I had to go into the office while I was in the city, but I didn’t mind too much especially as the taxi ride there and back meant that I could at least see some of the neighbourhoods. I was impressed with the modern feel of the financial district and my stomach yearned for the offerings from the various sushi restaurants I could see out of the window. Not surprising given that it was 4pm and I was yet to eat anything that day due to my turbulent tummy.  However, it was the last day on the trip for two of my favourite people – Astrid, the sexagenarian with whom I shared a tent in Ecuador, breaking the tour company’s single-travellers-mixed-gender-sharing policy in the process; and Lauren, she of trekking-Machu-Picchu-having-just-had-knee-surgery fame – and to celebrate we were treating ourselves to a slap-up meal at BORAGò (yes, that spelling is correct), a restaurant which is ranked #5 in South America and #42 globally.

Let me start by saying, IT WAS THE BEST MEAL I HAVE EVER EATEN! I realise that’s quite the statement, but I honestly don’t think I can oversell the experience. Upon arrival, we were greeted by what seemed the entire restaurant staff of circa forty people, all at the same time.  After five minutes of Lauren protesting that she honestly wasn’t a celebrity and that this must just be the norm, we were escorted to the only private dining room. At this point, Lauren decided to confess that she made the booking on the Spanish- language website and ‘may have made a mistake in the booking’ and apologised profusely for the size of the bill that could potentially be forthcoming. Given that we were already salivating looking at the vertical grill at the entrance of the restaurant, we assured her that we honestly didn’t care.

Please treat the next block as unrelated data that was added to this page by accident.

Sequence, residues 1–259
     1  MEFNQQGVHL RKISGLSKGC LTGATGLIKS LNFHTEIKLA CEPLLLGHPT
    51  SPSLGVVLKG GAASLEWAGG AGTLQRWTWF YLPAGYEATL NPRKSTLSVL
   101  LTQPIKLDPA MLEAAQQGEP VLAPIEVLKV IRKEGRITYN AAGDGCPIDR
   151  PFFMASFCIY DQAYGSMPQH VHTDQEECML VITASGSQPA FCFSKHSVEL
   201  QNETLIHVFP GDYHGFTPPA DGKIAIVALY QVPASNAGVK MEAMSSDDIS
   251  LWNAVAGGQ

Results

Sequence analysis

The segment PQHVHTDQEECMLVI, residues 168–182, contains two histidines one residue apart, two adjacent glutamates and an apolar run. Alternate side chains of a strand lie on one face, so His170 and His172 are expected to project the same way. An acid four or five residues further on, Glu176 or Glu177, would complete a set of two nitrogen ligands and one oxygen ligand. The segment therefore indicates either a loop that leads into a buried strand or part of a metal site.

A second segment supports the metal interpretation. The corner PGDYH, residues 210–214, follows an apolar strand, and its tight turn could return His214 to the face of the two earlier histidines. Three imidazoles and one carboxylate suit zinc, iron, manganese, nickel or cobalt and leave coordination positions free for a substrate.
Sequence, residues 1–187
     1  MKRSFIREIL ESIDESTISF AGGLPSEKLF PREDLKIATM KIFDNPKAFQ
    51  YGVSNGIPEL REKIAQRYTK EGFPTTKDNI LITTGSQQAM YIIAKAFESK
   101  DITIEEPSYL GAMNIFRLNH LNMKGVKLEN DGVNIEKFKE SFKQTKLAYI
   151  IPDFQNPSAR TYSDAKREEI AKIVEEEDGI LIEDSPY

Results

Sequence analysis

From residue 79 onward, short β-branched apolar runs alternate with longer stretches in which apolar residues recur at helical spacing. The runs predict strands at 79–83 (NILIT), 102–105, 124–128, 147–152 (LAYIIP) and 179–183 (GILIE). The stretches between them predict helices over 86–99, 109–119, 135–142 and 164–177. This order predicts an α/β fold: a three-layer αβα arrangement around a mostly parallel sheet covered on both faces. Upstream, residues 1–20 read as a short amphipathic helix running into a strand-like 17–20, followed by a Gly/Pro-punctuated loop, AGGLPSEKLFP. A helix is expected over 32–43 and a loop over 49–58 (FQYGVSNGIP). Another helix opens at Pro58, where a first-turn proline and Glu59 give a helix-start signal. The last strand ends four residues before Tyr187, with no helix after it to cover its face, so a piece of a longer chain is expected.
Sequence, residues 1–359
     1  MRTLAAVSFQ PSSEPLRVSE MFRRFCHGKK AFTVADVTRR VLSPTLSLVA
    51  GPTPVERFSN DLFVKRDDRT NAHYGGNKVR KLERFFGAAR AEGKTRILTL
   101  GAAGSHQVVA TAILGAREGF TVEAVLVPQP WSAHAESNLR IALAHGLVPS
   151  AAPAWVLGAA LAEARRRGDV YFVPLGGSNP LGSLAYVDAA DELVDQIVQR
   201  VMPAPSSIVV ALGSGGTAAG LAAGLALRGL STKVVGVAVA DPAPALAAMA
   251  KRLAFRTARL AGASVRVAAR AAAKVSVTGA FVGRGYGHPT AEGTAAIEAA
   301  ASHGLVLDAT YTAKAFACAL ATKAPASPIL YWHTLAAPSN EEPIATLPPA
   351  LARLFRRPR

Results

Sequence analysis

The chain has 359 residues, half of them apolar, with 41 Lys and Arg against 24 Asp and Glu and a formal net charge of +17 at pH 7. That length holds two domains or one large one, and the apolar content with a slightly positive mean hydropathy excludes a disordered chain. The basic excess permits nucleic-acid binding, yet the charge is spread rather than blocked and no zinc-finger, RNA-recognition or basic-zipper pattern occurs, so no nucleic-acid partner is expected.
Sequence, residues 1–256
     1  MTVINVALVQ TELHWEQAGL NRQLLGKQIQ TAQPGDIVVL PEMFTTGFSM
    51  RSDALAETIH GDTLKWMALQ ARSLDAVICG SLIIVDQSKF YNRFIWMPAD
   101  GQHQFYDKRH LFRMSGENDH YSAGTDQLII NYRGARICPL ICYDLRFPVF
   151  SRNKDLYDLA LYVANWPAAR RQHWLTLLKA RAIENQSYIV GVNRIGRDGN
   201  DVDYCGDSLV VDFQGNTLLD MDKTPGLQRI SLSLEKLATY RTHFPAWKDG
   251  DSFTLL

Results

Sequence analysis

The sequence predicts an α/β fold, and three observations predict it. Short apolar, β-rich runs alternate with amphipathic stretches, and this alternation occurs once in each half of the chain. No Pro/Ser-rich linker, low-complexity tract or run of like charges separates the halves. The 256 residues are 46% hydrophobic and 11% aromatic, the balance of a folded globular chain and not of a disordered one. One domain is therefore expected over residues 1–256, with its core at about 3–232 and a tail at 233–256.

The staff at BORAGò were the most attentive I’ve ever experienced, somehow managing to appear ever- present without being noticeably intrusive; an underrated talent. Our maître d’ explained the menu choices: Raqko, consisting of eight courses or the Endémica, which had an eye-popping 16 courses, containing only ingredients found in Chile. We opted for the latter, along with a wine pairing, natch, my empty stomach grumbling at the thought of what was to come, a feeling that continued throughout the evening as you are not shown the menu until you are walking out of the door, four hours after you first arrived! Having advised us that we would be drinking Patagonian rain water throughout the meal – something I’ve since had ‘at source’ – the maître d’ suggested a Pisco sour to start off the evening. We were all still agog at our surroundings but managed to confirm that we were happy to go along with anything he suggested. I’m not much of a cocktail drinker, usually opting for a whiskey sour when required, and I’ve taken to Pisco sours like a duck to water during my time in Peru and Chile. However, the green concoction that soon arrived was like no other Pisco sour I had experienced before, and not just because of the unusual colour!